- Imaging of your optic disc and retina. This can include photographs of your optic discs, and detailed imaging and measurement of the optic nerve and retina with a procedure called Optical Coherence Tomography (OCT). The OCT machine can analyse and compare your results with a database of normal subjects.
Examination of the anterior segment of the eye
Assessment of the visual field
Measurement of intraocular pressure
OCT of the optic disc and retina
If the tests show a high pressure, loss of the field of vision or damage to the optic nerve then you may have glaucoma or a condition that requires monitoring.
If you are diagnosed with glaucoma you must inform the DVLA and your insurers and they will arrange for a further visual field test to establish that you meet the legal visual requirements for driving.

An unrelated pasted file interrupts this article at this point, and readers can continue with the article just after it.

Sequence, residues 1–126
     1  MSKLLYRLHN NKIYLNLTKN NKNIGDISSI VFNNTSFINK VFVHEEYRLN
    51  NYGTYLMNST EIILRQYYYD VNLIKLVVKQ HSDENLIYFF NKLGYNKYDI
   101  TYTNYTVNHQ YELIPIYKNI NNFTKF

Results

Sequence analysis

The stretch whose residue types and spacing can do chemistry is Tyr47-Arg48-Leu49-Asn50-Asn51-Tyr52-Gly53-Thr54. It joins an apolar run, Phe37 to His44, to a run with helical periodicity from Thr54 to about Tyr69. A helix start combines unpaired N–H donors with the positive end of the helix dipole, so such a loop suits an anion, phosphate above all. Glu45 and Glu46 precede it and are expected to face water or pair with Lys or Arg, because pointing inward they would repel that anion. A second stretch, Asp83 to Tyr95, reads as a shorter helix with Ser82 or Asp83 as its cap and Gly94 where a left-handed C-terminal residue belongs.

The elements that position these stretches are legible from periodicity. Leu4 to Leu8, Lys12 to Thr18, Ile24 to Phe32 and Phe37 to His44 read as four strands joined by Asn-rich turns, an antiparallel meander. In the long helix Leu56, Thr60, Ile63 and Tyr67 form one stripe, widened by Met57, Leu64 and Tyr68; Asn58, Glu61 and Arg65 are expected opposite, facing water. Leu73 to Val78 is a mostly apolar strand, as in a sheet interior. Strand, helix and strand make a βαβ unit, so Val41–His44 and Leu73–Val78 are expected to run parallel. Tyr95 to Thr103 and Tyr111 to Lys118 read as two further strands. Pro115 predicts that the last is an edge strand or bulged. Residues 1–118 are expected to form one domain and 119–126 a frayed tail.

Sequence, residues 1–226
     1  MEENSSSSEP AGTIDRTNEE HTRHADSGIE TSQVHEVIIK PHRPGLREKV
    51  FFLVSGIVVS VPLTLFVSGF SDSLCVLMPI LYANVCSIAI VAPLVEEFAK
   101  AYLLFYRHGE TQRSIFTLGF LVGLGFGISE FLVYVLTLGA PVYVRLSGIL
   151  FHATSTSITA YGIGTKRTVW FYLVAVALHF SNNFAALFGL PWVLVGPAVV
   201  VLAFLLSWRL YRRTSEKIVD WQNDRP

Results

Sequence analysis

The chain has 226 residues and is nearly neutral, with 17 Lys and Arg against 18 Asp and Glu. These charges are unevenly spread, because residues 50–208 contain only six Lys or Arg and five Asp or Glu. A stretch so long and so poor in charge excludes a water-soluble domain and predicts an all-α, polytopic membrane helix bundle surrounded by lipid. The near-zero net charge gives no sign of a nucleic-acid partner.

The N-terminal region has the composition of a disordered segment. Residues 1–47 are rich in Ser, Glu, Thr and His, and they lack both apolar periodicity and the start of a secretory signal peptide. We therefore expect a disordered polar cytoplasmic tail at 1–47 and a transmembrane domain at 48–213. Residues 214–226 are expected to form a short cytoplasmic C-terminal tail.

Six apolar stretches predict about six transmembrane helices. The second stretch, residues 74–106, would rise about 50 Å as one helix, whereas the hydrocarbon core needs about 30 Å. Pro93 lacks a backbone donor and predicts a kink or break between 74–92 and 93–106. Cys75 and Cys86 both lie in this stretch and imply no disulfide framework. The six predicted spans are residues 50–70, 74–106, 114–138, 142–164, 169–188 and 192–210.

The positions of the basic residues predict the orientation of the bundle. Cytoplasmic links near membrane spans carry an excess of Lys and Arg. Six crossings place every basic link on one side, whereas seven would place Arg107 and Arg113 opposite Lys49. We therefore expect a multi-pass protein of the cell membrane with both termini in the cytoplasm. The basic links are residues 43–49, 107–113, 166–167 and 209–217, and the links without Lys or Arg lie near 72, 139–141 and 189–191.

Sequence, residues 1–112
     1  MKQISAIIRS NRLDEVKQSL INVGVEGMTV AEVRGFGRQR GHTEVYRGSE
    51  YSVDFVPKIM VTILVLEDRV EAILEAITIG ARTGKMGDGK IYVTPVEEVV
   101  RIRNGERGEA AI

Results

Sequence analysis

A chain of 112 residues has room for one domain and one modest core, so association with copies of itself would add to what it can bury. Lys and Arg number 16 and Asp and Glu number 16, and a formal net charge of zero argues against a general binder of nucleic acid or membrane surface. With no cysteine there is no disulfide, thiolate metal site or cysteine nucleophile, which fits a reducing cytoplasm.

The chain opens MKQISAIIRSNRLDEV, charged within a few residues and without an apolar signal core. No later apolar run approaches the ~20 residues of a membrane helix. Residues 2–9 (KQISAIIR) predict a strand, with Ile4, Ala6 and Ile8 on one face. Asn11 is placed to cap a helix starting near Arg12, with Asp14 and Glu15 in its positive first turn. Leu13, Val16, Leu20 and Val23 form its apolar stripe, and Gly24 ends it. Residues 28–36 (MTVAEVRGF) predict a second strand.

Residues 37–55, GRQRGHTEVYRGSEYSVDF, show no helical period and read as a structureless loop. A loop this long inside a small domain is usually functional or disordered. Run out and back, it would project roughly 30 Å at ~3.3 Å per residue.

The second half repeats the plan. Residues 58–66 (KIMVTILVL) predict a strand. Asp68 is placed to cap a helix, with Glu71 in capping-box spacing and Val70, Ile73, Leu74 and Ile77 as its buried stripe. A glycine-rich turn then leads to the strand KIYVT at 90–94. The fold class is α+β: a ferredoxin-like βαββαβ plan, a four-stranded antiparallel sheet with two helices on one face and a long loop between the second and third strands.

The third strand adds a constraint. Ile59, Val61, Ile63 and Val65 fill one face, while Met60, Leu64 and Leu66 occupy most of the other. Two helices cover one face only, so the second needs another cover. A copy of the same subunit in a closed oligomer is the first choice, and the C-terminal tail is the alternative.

Glaucoma can be treated with eye drops, laser or surgery. Rarely glaucoma may be treated with tablets. All forms of treatment aim to lower the eye pressure by reducing the amount of aqueous produced by the eye and/or increasing the amount of aqueous that leaves the eye.
Most patients with open angle glaucoma are treated with eye drops and just require regular follow up. If there are signs that are suspicious of glaucoma, for example ocular hypertension or visual field defects or OCT findings that are not definitely due to glaucoma, the patient may just need regular checks to monitor the condition.
Medical treatment. Most patients with open angle glaucoma will need to use eye drops ranging from once a day to three times a day. If a single drop does not control the pressure patients may be switched to a combination drop or further drops added. All drops have the potential for side effects and these vary according to the class of drop used. Some patients may be sensitive to the preservatives in the eye drops and may require preservative free drops.